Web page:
Intel has announced a massive reorganisation of its operating groups, creating new groups to focus on areas such as the digital home and health care, and shuffling the roles of a number of key executives.
The chip company unveiled five new business units. They are: the Mobility Group, the Digital Home Group, the Digital Enterprise Group, the Digital Health Group, and the Channel Products Group. Previously, Intel had organised its operating units around the chip architecture that each group - such as the Intel Architecture Group and the Intel Communications Group - used in its products.
Over the last year, Intel has altered its approach to the processor market. Instead of marketing the ever-higher performance of its processors, the company now wants to develop a range of features for specific products, such as desktops, notebooks, and personal digital assistants, which make those devices easier to use and more secure.
The new organisations would help the company focus on these individual platforms, Intel said.
The leaders of all the new groups will report to chief executive officer, Craig Barrett, and president and chief operating officer, Paul Otellini. In May, Barrett will become chairman of the board of directors with Otellini succeeding him as CEO, but a replacement for Otellini has yet to be publicly identified.
The Mobility Group will be led by Sean Maloney and Dadi Perlmutter. Maloney is an executive vice-president at Intel, and previously ran the company's Intel Communications Group. Perlmutter was vice-president and general manager of Intel's Mobile Platforms Group. The older Mobile Platforms Group focused on Intel's Centrino notebook technology, but the new Mobility Group adds Intel's XScale processors for personal digital assistants and smart phones, which were previously under Maloney's charge.
Anand Chandrasekher had been in charge of the Mobile Platforms Group, but he now assumes a new role as director of Intel's Sales and Marketing Group, replacing Jason Chen, who was leaving the company at the end of January due to health matters within his family, Intel said.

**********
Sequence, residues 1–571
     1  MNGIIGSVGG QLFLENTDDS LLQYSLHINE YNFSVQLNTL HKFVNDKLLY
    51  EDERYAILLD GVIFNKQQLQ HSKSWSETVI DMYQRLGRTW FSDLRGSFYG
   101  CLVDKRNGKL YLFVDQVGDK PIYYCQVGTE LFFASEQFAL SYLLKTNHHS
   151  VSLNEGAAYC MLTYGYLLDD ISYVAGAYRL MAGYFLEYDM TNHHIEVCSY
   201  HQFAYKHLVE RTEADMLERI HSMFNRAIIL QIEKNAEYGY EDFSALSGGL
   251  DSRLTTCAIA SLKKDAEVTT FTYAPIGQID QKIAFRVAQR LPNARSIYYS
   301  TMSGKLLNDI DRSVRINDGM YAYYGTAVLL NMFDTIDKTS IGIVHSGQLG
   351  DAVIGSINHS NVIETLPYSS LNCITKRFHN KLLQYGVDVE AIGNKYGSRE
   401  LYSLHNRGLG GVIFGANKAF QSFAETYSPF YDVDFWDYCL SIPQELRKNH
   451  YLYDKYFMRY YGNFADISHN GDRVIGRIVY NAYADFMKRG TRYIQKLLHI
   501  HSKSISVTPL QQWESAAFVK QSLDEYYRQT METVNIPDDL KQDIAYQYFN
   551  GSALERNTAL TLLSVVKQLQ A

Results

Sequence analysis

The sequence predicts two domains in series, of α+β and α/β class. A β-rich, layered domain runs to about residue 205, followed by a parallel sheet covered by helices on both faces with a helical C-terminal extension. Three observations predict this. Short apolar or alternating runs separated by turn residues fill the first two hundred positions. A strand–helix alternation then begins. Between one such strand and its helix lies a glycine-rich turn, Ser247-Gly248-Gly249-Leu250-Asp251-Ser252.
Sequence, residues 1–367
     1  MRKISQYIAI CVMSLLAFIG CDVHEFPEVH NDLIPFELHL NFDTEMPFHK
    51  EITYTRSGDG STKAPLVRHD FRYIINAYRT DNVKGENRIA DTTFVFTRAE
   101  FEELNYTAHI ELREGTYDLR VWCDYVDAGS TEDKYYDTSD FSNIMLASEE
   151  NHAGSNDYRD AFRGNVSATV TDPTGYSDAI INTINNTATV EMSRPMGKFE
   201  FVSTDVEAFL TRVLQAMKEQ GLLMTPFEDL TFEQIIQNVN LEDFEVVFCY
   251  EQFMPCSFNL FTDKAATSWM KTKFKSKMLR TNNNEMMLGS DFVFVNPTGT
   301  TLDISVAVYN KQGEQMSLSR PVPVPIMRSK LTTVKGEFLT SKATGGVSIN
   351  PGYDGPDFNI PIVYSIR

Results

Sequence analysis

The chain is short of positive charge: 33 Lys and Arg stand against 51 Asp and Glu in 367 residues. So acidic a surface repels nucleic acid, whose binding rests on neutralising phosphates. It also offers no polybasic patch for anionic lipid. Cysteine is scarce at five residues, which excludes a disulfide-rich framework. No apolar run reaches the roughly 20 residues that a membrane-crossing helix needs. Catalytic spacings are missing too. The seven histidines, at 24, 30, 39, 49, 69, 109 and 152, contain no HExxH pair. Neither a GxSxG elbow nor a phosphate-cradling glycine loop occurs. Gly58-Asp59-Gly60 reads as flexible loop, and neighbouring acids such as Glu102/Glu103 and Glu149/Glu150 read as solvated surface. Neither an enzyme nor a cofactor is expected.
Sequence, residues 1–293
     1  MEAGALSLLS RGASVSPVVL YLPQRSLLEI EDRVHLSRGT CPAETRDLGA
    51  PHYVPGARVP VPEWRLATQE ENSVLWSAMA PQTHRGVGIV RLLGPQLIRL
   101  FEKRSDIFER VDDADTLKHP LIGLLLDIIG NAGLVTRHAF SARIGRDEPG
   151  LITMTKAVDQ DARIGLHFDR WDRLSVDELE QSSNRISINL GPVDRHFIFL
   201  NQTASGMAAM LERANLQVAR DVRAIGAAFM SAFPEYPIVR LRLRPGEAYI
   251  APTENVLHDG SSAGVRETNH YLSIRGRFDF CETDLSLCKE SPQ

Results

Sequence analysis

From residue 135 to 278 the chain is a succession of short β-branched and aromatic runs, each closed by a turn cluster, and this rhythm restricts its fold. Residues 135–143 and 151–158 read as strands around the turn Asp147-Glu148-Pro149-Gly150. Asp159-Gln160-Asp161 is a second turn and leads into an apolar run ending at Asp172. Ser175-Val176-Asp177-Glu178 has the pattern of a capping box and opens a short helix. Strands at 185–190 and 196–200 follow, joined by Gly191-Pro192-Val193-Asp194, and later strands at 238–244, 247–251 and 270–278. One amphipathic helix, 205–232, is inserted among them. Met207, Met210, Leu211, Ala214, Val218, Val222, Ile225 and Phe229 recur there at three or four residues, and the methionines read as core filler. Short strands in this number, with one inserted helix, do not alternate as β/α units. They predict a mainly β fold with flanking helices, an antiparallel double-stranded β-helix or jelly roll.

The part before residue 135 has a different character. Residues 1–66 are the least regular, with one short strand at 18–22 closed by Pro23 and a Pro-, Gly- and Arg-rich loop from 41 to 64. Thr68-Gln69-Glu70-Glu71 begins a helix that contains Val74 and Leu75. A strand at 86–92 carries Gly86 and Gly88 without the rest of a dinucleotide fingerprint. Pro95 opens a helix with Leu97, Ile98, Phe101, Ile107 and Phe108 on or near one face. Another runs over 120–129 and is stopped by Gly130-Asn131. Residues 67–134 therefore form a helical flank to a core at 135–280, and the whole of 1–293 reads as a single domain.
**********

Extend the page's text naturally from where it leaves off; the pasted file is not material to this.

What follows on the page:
Chandrasekher will run this group in conjunction with Eric Kim, who was hired last September to improve Intel's consumer marketing expertise.
Don McDonald will lead the Digital Home Group, which will develop processors for digital entertainment devices in the living room. Louis Burns was previously in charge of that effort within the Desktop Platforms Group, but Burns is now the head of the Digital Health Group, and is charged with finding opportunities for Intel products within the health care market.
Intel's business customers will see a lot of Pat Gelsinger and Abhi Talwalker, the new co-leaders of Intel's Digital Enterprise Group. Talwalker had been serving as head of Intel's server division, and Gelsinger's previous role was Chief Technology Officer in charge of Intel's research and development activities. The new Digital Enterprise Group will have responsibility for processors that will power corporate products from PCs up through datacentre servers.
Gelsinger will be temporarily replaced as head of research and development by Justin Rattner, an Intel fellow.
Bill Siu, previously the co-leader of the desktop group with Burns, will take control of the Channel Products Group. This organisation will look to develop specific products for local markets around the world.
Other operating groups, such as the Technology and Manufacturing Groups, remained unchanged.